Demand spikes at major trauma centre as neighbour is struck down by ransomware
Operations carried out without x-rays after PACS systems go down
CEO pays tribute to ‘incredible’ staff
A trauma centre in London which had escaped Friday’s ransomware attack had to declare a major incident because of increased demand from patients diverted from a neighbouring trust which had been infected.
Details have also been emerging over the weekend of how some of the trusts affected dealt with the loss of IT functions in the wake of the attack.
HSJ has learned that St George’s University Hospitals Foundation Trust declared a major incident on Saturday night. It sent messages to senior staff urging them to contact their relevant team leaders.
HSJ understands the trust had not been directly affected by the attack, but declared an incident because of increased activity after patients were diverted from the Royal London Hospital, which was forced to close to new trauma cases after Friday’s cyber-attack. The Royal London is run by Barts Health Trust, which was named by NHS England as one of the most severely affected by the attack.
Sources at St George’s told HSJ their trust had taken down some email and IT systems as a precaution but was continuing to operate normally.
A trust spokeswoman said on Sunday evening: “We have supported the [London health] system throughout the weekend to help with the pressures currently being experienced. All of our clinical services and systems are operating as normal.”
At London North West Healthcare Trust IT systems were still badly affected over a day after the malware struck, with limited access to picture archiving communication systems used to transfer x-ray images.
HSJ has been told operating theatres continued to work with no cancellations. However, surgical staff had to view x-rays in the trust’s A&E department before going back to theatres to operate.
One surgeon said: “What was the choice? The patients have been waiting with their fractures. If we stuck to the rules we would have had to cancel all operations. Hopefully we can agree on some proper contingencies as this is our second PACS outage recently.”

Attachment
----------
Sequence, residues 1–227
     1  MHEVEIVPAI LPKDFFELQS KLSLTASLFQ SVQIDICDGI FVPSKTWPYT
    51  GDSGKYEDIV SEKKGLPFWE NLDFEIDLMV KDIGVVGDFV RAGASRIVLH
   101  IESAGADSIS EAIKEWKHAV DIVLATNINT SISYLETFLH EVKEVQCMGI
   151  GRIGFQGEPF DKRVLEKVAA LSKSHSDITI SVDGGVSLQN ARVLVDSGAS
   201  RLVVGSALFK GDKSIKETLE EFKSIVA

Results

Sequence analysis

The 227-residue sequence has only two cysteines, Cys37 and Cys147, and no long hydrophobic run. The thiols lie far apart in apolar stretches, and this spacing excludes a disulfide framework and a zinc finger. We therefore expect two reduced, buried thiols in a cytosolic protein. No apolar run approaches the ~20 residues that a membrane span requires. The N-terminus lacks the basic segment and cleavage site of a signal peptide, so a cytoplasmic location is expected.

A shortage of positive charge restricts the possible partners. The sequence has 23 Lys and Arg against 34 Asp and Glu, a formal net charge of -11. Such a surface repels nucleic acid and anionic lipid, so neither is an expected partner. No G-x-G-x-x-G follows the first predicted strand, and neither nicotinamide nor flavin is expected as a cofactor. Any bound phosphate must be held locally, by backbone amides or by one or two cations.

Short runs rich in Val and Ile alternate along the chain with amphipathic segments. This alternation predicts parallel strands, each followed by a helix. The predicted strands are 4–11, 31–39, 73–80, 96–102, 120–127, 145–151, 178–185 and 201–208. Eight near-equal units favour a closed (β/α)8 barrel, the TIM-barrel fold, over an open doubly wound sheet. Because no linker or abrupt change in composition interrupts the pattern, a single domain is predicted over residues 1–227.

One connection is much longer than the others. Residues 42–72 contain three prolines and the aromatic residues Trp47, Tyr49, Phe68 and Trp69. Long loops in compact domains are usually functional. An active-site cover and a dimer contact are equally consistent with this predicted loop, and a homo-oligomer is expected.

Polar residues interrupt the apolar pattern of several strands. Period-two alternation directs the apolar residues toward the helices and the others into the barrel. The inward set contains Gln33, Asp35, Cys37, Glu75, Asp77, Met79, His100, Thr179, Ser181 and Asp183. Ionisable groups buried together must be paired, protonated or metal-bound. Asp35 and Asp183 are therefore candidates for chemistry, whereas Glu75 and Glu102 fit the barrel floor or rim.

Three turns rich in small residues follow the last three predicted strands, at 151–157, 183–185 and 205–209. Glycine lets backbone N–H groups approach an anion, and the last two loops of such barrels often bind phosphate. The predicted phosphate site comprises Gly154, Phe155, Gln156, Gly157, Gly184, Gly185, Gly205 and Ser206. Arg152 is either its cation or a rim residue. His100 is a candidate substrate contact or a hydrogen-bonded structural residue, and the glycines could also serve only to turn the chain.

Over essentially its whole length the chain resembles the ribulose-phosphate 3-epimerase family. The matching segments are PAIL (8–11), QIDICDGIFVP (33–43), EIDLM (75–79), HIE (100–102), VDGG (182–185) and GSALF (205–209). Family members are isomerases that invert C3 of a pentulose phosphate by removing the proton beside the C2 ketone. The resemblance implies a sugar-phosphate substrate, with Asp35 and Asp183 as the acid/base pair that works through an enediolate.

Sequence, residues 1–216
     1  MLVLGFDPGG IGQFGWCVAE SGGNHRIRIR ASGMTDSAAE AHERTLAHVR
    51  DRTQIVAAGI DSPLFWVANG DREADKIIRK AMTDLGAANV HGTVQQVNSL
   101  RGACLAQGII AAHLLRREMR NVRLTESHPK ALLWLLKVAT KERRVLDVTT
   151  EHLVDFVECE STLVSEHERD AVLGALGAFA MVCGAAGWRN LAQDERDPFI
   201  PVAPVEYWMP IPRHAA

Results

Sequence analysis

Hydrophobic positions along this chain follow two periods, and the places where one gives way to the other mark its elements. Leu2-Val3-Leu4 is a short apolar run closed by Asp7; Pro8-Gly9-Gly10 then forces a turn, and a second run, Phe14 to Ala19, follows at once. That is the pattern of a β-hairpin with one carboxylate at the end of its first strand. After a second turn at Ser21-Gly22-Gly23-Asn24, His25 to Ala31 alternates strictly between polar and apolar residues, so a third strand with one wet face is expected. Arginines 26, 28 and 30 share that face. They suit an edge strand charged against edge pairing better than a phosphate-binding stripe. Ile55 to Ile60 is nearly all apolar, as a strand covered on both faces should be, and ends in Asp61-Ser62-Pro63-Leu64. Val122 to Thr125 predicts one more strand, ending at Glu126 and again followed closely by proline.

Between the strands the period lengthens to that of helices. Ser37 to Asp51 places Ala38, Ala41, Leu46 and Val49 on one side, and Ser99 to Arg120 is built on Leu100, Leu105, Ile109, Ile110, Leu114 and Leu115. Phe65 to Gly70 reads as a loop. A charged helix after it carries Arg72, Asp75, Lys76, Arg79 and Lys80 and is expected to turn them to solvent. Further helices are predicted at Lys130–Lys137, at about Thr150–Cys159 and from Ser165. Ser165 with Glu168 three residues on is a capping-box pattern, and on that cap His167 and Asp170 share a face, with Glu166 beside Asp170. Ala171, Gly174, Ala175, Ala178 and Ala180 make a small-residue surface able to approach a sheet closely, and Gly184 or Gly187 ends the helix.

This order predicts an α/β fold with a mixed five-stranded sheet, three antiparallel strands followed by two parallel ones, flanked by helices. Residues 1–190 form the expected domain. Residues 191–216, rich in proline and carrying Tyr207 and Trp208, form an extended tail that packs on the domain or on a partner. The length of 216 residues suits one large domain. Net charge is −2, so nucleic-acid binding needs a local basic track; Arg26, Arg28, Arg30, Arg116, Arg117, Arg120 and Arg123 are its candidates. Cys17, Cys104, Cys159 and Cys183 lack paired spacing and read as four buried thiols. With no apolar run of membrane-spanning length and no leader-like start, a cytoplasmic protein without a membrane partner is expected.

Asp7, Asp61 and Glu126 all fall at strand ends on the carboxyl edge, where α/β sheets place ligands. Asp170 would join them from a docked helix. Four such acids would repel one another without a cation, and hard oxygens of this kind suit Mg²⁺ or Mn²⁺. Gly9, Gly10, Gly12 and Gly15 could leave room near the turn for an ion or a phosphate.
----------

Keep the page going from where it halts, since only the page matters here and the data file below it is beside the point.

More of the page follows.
A spokesman for the trust told HSJ surgeons had not been able to access x-rays in theatre after the trust took precautionary steps to close systems to prevent them from being infected.
The spokesman added: “There were some cancellations of appointments and clinics on Friday afternoon. We were able to get things working again quite quickly by Saturday evening.”
At James Paget University Hospitals Foundation Trust HSJ was told lab results were being reported via paper delivered by “runners”, while x-ray images could only be viewed in one location as they were unable to be sent around the organisation electronically. But, one source said the cyber-attack “brought out the best in everyone.”
They added: “I’ve never seen so many senior management around on a Friday night. Everyone just got on finding solutions to problems. Lots of senior people stayed on site overnight to make sure things were ok. I’m really proud of how everyone pulled together. We had lots of junior doctors volunteering to come in over the weekend. Radiologists stayed in all night with handwritten CT reports coming back straight away; much quicker than usual telemedicine reports.”
The trust declined to comment.
Meanwhile Ann James, chief executive of Plymouth Hospitals Trust told HSJ: “Our staff were incredible. Many came back in to the hospital without being asked, to support their colleagues. Patients were the priority but after a celebratory international nurses’ day everyone was very focused.”
She added: “We are keeping the situation under review for Monday but this is about general non-elective pressures rather than anything else.”